The American Cyclopædia (1879)/Christophe, Henri

Edition of 1879. See also Henri Christophe on Wikipedia, and the disclaimer.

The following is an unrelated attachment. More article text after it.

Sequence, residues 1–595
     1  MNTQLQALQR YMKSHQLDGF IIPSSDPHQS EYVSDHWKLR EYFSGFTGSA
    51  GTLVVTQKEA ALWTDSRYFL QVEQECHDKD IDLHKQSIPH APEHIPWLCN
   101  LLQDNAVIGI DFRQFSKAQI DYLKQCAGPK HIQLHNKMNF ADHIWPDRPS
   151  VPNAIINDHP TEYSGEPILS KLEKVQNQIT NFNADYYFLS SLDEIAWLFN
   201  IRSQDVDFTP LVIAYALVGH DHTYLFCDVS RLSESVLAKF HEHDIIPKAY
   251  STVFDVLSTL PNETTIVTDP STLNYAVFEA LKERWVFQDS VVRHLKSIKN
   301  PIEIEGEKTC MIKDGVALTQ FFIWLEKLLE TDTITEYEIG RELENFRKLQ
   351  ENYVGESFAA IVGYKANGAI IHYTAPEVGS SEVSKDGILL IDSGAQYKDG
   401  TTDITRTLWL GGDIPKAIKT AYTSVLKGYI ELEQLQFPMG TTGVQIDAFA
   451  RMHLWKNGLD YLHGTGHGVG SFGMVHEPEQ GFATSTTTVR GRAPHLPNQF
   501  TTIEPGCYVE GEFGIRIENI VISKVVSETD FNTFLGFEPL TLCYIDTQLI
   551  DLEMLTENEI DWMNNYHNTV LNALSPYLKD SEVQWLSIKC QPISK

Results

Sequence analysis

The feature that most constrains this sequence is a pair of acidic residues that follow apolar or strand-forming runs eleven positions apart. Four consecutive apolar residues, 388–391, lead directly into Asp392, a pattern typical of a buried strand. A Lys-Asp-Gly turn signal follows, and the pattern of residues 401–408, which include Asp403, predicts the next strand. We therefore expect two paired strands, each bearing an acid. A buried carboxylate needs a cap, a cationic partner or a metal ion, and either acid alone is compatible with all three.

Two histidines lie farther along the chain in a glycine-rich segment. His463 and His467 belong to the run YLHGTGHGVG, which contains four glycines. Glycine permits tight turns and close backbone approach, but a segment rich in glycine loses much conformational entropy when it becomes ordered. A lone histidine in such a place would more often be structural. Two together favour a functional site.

CHRISTOPHE, Henri, king of Hayti, born Oct. 6, 1767, died by his own hand, Oct. 8, 1820. The accounts of his youth are conflicting; according to some he was born in the island of Grenada; others say in St. Christopher, St. Croix, or Santo Domingo. The uprising of the blacks in Santo Domingo found him a slave in that island, and he distinguished himself by activity and boldness. His bravery commended him to the notice of Toussaint l'Ouverture, who gave him a commission as brigadier general, and employed him to quell an insurrection in the northern province of the island. Successful in this, he was appointed governor of the province, and when the French under Leclerc subjugated that part of the island, he and Dessalines were declared outlaws. When Touissant was seized by the French, Christophe and Dessalines again headed an insurrection, and before the close of 1803 succeeded in driving the French from Hayti. During the brief administration of Dessalines Christophe was general-in-chief of the army, and at his death in 1806 was appointed president for life by an assembly convened at Cape Haytien. The people of the southern portion of the island, however, preferred Pétion, and soon after organized a republic of which he was appointed president. A civil war ensued between the two chiefs, which continued for 11 years. In 1811 Christophe, following the example of Napoleon, abolished the republican government, caused himself to be proclaimed king of Hayti under the title of Henri I., and organized a hereditary monarchy and nobility. He promulgated a code which, though based on the Code Napoléon, was not a servile copy, but was adapted to the wants of the people. Meantime the defection of some of his adherents roused the jealousy and cruelty which seemed inherent in his nature, and did much to alienate the affections of his people. In general, however, his measures were judicious, but the mild and pacific sway of Pétion, and his successor Boyer, was far more agreeable to the negroes than the stern rule of Christophe. The number and activity of the malcontents increased, till finally the army became infected, and even the king's body guard went over to Boyer. Irritated at this, and determined not to be made a prisoner, he shot himself. His eldest son, Ferdinand, had been sent as a hostage to France by Gen. Leclerc, and died there in a hospital. His second son, Jacques Victor Henri, was killed by the insurgents a few days after his father's death. A pension was conferred on the widow of Christophe, but the enmity of the people caused her to leave the island. She went to England, travelled in Germany and Italy, and finally took up her abode in Pisa with one of her daughters.